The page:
If we even go back to Dr Schaeffer, we might understand something.  If we base society on the Bible, on the infinite-personal God who is there and has spoken, it provides an absolute by which we can conduct our lives.

What is this absolute principle which God gave us to live by?

‘Without-Christ’ and ‘in-Christ’

‘Without-Christ’

When salvation is based in adhering to certain sets of rules, one finds oneself in what the Bible describes as living in shadows, in false humility, having an unspiritual mind which exhibits itself in pride, having a fleshly, or worldly mind.  All these efforts come to nothing and lead nowhere.  It cannot mortify sin.  Why? Verse 19 gives the answer:  

They have lost connection with the head, from whom the whole body, supported and held together by its ligaments and sinews, grows as God causes it to grow. (Colossians 2:19, NIV)

Good works are not bad, but it achieves nothing for eternity.  

In essence, this describes life without Christ.

So, let’s be practical.  When it comes to things eternal, the things you hold dear because you value them as the things which will be able to tell God why He should allow you in heaven, what precisely are they?  Why do you think they are meeting God’s standard?  By what standard do you measure and value these things?

Do you read the Bible regularly because God might give you a golden star on the forehead if you did?  Do you pray to get another star of approval?  Do you come to church for the same reason?  Have you stopped swearing and telling dirty jokes because, by your standards, it is not good?  If this the case, you are in the same boat as those we read about in Colossians 2: they have lost connection with the Head. Don’t you think you should reconsider your case in the light of what the Bible teaches?

‘With-Christ’

Paul contradicts the life of self-improvement and DIY righteousness with the life ‘in-Christ’. 

For you died, and your life is now hidden with Christ in God. (Colossians 3:3, NIV)

To understand the difference between BYO, DIY and fleshly, dying, worthless righteousness and God-glorifying righteousness something radical must happen.  It is extraordinary radical, but it is the only way.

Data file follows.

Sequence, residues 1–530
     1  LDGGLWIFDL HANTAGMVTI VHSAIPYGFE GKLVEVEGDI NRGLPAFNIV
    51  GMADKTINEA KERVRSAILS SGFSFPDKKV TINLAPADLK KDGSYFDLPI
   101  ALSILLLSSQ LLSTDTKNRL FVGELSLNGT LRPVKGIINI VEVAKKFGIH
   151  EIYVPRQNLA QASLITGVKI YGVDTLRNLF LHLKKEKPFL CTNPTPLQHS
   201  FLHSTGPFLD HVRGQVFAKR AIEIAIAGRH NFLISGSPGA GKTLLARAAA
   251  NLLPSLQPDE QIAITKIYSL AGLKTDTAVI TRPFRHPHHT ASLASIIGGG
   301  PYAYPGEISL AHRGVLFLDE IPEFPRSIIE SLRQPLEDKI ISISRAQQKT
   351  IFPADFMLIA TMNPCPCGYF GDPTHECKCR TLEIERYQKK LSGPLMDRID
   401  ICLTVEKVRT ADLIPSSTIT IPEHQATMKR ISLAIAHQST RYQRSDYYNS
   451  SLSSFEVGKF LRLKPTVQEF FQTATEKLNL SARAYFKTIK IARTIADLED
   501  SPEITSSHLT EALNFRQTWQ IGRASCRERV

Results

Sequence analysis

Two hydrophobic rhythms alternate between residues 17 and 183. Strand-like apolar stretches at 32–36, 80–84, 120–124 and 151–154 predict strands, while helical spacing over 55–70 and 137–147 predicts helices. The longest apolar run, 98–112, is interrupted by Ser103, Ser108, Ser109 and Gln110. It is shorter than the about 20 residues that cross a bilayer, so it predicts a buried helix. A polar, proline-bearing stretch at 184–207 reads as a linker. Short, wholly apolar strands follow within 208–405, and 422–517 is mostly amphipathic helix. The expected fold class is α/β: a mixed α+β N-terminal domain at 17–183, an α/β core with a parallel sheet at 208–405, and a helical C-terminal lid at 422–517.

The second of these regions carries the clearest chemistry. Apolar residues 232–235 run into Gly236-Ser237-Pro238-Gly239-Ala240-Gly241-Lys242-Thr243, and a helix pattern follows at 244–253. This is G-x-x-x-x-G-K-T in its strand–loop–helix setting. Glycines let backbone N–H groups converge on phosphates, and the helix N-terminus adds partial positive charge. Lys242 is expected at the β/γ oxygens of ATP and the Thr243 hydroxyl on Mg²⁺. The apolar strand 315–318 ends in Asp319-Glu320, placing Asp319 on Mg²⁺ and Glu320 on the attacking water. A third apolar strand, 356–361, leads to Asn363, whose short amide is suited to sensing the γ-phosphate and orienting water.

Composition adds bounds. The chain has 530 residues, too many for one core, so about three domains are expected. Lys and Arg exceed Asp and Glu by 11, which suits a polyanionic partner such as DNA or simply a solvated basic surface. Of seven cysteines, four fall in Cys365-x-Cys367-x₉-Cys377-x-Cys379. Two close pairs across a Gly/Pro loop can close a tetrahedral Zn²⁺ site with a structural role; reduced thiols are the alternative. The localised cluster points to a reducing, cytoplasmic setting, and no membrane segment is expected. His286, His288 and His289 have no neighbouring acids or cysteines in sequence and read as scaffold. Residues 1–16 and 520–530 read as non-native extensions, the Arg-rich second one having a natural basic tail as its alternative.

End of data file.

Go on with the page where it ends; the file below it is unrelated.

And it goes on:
You have to die!  

You have to die and take into that grave all efforts of self-righteousness.  It is clear Biblical language:  

Put to death, therefore, whatever belongs to your earthly nature… (Colossians 3:5, NIV)

But now you must also rid yourselves of all such things as these… (Colossians 3:8, NIV)

Words in these verses refer back to Colossians 2:11 where it talks about the fulness of the work of Christ who, in our place, “put off the sinful nature” by dying for us (v.12).  When Christ took away or cancelled the charges against us by nailing it to the cross, He fulfilled what we never could or will by own effort.  

This is the Good News of the Gospel:  we don’t need to try to get ourselves up to scratch to meet God’s standard; He sent his Son, Jesus Christ, our Lord, to do it on our behalf and in our place. But to get any benefit from this rescue mission, we need to, by faith and deed, die with Him.  We need to attend our own funeral; we need to get rid of the filthy, sins-stained clothes, and clothe ourselves with the righteousness of Christ.  

It’s only when we understand that by dying to sin in Jesus Christ, we receive a heavenly address which enables us to set our minds on holy things.  

A radical change

In chapter 2 Paul referred to self-helpers, who have cut themselves loose from Christ.  He calls them puffed up and unspiritual without any hope because whatever they try to improve themselves is actually only exposing more obstacles, digging their graves just deeper.  Remember what Dr Francis Shaeffer said about life without God?